Jacqueline does not hang about. On goes the music, a haunting, rhythmic mix of tabla drum, accordion and lute, and immediately she is demonstrating the first movement: the hip drop. Sensuously twitching one hip without moving the other is more difficult than sounds. Concentrating so hard on one specific muscle group precludes paying any attention to others, notably those controlling facial expressions. Any time I dared to glance in the mirror I was looking both pained and alarmed and not at all sexy. The more experienced were doing very well indeed, adding their own fluid arm movements and gazing hypnotically into their mirrored eyes. Jacqueline urged us on: "And smile. Television smiles, everyone!"

With the next instruction the gynaecological dimension kicked in: "Imagine there's a pencil in your vagina, grip it and draw with it," exhorted Jacqueline. No one raises an eyebrow. Anyone would think the whole class had been practising imaginary genital artistry for years; and there was no denying that drawing a circle and figures of eight with our imaginary HBs moved our hips in just the right way. Jacqueline padded barefoot around the class, praising here, correcting there.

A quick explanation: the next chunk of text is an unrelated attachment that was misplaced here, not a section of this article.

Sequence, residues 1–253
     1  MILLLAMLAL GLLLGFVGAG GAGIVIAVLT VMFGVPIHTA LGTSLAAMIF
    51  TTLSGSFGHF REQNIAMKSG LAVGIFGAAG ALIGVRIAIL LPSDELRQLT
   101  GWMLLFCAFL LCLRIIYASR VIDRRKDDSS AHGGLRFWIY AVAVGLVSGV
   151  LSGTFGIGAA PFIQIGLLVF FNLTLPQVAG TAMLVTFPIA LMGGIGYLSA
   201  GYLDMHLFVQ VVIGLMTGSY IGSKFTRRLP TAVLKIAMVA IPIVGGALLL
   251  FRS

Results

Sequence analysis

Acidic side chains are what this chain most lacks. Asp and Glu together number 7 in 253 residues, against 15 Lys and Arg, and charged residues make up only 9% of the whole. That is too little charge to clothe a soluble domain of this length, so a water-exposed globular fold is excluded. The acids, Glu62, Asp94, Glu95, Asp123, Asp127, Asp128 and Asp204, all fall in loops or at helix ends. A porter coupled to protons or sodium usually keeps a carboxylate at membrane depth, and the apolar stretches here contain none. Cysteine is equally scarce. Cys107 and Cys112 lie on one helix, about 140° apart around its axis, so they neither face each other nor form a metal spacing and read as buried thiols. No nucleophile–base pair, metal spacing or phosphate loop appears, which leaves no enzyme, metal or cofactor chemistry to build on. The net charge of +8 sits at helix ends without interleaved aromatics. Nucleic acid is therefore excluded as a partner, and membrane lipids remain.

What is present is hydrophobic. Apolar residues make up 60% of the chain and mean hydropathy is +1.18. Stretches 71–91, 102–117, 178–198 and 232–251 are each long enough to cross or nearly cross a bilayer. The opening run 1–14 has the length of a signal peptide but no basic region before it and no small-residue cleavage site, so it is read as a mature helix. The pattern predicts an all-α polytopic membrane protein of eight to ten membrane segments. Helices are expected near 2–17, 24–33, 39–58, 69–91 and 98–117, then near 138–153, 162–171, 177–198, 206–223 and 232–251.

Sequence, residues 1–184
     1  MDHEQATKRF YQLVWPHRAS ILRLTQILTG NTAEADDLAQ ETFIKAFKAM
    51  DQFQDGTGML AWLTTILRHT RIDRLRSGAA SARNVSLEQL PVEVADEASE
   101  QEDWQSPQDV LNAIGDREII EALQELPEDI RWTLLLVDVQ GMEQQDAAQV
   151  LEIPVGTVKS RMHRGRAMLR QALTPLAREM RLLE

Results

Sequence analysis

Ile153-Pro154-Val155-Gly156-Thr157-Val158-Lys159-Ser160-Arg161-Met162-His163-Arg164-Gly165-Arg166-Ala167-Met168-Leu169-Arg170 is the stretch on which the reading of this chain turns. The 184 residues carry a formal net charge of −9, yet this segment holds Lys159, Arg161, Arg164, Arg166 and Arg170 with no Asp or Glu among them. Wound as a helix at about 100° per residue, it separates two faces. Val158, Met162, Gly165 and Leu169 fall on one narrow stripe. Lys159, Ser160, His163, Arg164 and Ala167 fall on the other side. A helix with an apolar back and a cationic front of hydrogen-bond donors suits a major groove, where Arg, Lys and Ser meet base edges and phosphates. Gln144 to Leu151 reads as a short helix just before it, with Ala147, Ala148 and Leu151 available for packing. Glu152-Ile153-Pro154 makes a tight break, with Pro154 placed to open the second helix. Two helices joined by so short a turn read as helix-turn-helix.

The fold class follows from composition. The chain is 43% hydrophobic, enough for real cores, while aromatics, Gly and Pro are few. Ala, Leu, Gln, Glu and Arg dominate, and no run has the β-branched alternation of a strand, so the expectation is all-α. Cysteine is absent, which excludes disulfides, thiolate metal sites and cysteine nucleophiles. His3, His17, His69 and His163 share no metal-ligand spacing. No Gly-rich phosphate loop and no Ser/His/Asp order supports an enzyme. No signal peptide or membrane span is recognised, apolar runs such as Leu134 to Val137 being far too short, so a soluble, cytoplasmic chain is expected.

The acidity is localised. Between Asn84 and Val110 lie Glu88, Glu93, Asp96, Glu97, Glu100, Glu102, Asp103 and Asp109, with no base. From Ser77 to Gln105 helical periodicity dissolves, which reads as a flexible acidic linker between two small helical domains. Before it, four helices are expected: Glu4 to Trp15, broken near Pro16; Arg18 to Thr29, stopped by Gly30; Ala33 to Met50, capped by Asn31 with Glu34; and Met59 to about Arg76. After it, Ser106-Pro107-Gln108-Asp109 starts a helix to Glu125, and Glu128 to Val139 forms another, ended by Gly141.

The first half of the class was spent practising individual movements, working hips, arms, torso with the figures of eight (see panel, page 78), the camel walk (page 79, right), shimmying (page 79, main picture) and Egyptian dipping (see right). These were gradually brought together into simple sequences; the class culminated in a mass performance of a routine specially choreographed by Jacqueline, and ended with a rousing yell, the zhagareet, to show the dancers' confidence and joy.

The yell actually comes out rather British and subdued, but the class is certainly enthusiastic. Susan French, 40, has been learning belly dancing with Jacqueline for 18 months. "I'm a Turkaholic," she explains. "I adore Turkey - the culture, the history, the music. Since I started to learn the dancing, I don't get out of breath any more, and my abdominal muscles are so strong, I can keep doing sit-ups in aerobics forever. "

Dawn, 28, a veteran of eight years of classes, is resplendent in a genuine Turkish yellow and gold outfit that rivals Jacqueline's own. "Dancing tones you magnificently and gives you confidence in yourself," she says. She works in a finance company, but is also a semi-professional dancer and might even turn pro one day. "The top dancers in Turkey are in their forties and fifties, so I'm in no hurry."